Monday, 29 January 2018

WWE Royal Rumble 2018 - What I Learned as A Cynical, Old-School Fan

2018 Royal Rumble Review
I sometimes feel that I'm too old to be watching wrestling. 

I don't mean that I feel any embarrassment about spending my spare time running this blog, or even that I should put a hold on my goal to watch and review every WWE pay per view from Wrestlemania 1 - 30. I enjoy this. It's harmless escapism and something that I still find myself oddly passionate about even 25 years after I first started watching.

No, it's more that I feel like the aging rocker who just doesn't get all this new-fangled noise the kids are into, I feel like the product, in an effort to reinvent itself and appeal to a younger audience, has evolved into an entirely different beast than the one I'm familiar with from my own youth and has -dare I say it- passed me by.

I turn 34 this year. I run a full-time business, I have family, relationships, a home to run and bills to pay. I don't even have time to keep up with Raw and Smackdown every week, let alone NXT, and 'The Indies' are like some magical Narnia that I've only ever glimpsed at from outside the wadrobe without ever really stepping foot inside.

I don't know what 'strong style' is or why that weird gremlin-looking guy is the king of it.

I don't know when it became normal for wrestlers to pretend to hate each other for two hours on TV but then 30 minutes later share Instagram pics about what an honour it is to be working together.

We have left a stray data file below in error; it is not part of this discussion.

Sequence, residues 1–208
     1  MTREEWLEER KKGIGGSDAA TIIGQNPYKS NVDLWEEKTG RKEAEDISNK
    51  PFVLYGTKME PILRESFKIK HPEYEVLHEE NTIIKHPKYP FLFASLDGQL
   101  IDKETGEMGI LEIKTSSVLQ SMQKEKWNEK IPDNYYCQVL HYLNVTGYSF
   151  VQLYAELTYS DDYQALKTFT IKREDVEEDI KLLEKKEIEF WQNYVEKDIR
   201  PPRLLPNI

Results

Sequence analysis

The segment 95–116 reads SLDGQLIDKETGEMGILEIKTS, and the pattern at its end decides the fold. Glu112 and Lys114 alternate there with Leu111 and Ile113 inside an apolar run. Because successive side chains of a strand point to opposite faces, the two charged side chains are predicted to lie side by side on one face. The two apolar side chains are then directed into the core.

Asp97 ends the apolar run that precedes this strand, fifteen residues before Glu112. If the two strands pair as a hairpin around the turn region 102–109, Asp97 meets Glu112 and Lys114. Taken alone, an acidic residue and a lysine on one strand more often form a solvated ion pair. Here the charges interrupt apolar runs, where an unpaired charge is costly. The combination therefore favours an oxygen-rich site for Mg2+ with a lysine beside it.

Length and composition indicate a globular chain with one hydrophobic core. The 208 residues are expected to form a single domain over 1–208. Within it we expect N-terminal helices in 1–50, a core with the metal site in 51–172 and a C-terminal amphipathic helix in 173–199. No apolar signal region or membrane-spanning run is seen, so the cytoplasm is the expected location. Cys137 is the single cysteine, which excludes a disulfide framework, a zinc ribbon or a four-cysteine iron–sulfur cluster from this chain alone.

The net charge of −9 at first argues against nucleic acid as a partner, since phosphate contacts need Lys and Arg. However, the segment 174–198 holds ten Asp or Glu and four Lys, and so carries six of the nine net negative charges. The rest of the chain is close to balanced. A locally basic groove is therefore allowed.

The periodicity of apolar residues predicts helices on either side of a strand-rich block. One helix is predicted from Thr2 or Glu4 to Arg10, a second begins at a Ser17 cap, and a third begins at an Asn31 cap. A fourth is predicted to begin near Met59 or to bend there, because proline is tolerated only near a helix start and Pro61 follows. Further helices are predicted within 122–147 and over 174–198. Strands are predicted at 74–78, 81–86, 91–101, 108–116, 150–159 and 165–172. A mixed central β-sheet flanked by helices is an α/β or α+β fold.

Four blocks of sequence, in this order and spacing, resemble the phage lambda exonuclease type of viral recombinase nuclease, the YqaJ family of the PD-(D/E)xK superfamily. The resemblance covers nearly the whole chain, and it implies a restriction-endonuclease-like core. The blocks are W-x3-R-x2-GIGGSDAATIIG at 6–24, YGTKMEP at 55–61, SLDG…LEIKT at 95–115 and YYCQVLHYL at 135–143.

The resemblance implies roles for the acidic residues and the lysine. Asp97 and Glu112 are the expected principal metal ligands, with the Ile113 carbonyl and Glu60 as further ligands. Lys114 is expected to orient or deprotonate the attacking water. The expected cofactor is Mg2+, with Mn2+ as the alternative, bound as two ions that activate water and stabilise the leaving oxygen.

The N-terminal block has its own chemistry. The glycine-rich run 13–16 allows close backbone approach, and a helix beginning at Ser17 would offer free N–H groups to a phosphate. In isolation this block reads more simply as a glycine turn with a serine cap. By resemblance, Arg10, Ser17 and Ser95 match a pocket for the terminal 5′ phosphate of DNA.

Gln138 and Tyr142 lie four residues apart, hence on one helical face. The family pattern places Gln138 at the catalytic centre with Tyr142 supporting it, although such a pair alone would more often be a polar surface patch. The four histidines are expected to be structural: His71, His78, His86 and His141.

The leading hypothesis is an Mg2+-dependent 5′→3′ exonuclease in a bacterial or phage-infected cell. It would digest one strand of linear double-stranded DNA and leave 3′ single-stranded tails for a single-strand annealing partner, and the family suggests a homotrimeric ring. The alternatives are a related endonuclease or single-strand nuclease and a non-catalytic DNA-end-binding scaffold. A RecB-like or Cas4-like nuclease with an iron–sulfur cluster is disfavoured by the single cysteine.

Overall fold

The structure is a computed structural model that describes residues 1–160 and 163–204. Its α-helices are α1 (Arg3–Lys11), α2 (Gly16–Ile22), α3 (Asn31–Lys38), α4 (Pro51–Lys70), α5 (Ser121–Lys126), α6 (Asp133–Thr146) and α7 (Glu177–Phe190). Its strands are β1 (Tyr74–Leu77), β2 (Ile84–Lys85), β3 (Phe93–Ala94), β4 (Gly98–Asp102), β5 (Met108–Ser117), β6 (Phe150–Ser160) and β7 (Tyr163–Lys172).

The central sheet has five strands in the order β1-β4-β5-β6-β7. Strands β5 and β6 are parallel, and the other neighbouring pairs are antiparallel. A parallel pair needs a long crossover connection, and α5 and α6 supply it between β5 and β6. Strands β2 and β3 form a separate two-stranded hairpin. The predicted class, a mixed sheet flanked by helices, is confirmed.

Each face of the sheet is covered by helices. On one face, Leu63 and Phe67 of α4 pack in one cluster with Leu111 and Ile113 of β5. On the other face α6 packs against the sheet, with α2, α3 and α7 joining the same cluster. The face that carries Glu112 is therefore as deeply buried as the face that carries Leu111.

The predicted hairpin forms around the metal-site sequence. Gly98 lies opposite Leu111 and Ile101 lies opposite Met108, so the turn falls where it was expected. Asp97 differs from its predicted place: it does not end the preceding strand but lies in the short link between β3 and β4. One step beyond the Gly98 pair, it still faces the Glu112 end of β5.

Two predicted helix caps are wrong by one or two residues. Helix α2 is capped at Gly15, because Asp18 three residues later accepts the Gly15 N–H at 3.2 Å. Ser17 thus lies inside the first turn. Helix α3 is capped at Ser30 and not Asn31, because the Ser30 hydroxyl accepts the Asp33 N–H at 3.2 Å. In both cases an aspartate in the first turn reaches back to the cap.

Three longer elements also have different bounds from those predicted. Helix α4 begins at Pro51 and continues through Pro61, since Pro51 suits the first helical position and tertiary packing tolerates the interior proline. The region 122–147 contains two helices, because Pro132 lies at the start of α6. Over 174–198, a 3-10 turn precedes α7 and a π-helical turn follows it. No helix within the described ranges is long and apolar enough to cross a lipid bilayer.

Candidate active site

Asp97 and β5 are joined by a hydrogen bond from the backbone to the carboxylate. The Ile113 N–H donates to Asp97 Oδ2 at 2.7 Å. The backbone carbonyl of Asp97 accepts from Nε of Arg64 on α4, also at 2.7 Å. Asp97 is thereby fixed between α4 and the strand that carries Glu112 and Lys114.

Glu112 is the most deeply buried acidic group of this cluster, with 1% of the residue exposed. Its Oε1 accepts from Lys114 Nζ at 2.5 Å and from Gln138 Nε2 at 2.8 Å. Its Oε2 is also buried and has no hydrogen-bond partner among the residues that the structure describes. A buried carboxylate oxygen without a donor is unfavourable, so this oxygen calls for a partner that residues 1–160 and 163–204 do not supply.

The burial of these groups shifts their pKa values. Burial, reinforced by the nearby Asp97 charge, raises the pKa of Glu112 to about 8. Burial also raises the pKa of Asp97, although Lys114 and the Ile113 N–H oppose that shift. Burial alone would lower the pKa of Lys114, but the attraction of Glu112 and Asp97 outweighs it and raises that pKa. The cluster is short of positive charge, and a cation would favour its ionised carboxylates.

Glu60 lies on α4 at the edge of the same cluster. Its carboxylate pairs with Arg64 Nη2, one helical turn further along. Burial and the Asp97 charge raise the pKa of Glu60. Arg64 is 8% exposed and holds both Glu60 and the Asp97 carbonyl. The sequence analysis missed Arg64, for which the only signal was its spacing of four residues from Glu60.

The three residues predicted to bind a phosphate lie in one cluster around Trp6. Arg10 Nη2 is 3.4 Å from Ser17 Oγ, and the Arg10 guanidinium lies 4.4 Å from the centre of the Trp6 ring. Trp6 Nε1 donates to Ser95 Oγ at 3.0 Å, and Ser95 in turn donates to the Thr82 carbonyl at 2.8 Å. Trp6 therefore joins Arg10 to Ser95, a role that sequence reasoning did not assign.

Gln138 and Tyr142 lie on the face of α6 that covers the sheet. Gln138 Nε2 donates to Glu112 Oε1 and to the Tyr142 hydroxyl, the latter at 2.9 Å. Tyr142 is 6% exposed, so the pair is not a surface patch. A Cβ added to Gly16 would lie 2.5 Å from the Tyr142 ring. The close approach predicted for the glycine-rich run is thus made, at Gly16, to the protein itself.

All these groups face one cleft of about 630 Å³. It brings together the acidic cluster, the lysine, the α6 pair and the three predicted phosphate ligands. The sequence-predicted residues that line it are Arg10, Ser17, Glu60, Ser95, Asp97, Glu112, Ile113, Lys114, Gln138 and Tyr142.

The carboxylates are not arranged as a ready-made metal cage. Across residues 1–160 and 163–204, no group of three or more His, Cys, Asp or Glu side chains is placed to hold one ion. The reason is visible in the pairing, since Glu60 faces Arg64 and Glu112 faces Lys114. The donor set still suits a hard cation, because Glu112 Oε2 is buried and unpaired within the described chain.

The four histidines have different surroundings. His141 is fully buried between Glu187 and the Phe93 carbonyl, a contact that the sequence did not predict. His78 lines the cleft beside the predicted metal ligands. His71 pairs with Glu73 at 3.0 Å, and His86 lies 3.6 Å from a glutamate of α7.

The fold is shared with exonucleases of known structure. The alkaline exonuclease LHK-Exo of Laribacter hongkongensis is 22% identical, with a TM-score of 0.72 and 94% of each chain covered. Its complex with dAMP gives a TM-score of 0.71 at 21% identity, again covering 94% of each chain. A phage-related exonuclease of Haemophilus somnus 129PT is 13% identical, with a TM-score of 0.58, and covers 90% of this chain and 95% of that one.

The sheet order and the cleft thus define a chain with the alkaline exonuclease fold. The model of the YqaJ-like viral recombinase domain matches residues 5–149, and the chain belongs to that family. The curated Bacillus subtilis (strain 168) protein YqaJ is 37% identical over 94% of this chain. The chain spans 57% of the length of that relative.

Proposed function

I don't know when the object of pro wrestling became about "tearing the house down" and not, you know, winning matches.

Every year I commit to staying up until 4AM to watch the Royal Rumble and Wrestlemania (ask any fan from the UK, that's never easy), and every year the cast of characters that I actually find it possible to become emotionally invested in gets smaller and smaller.

I start thinking that it's time to call time on this weird and wonderful little hobby of mine. That I should just stick to occasionally reviewing old Clash of the Champions shows and leave the kids to their Alexa Blisses and their Shinske Nakawhatsisfaces.

Then I stay up one last time for the 2018 Royal Rumble, and WWE puts on a show that reminds me why I still do this whole staying-up-all-night watching wrestling thing:

Because when its done right, there's nothing else on earth like it.

No movie, no TV show, theatre performance or video game can take such an immediate and vice-like hold on the emotions and drag them along the proverbial rollercoaster with such heart-pounding intensity that within the space of half an hour you find yourself going from not recognising who any of the characters are to bouncing on the edge of your seat, utterly desperate to see them overcome the odds.

The characters may have changed, the presentation may be entirely different, and the memory of kayfabe may turn in its grave every time a pro wrestler updades their Instagram account, but if the Royal Rumble taught me anything last night, it's that, when you strip all of that away, pro wrestling is still capable of telling some incredibly captivating stories.

Here's a few of my thoughts on the stories that were told last night.

Pre-show

This is where my Angry Old Man Who Doesn't Understand Youth Culture thing really flares up.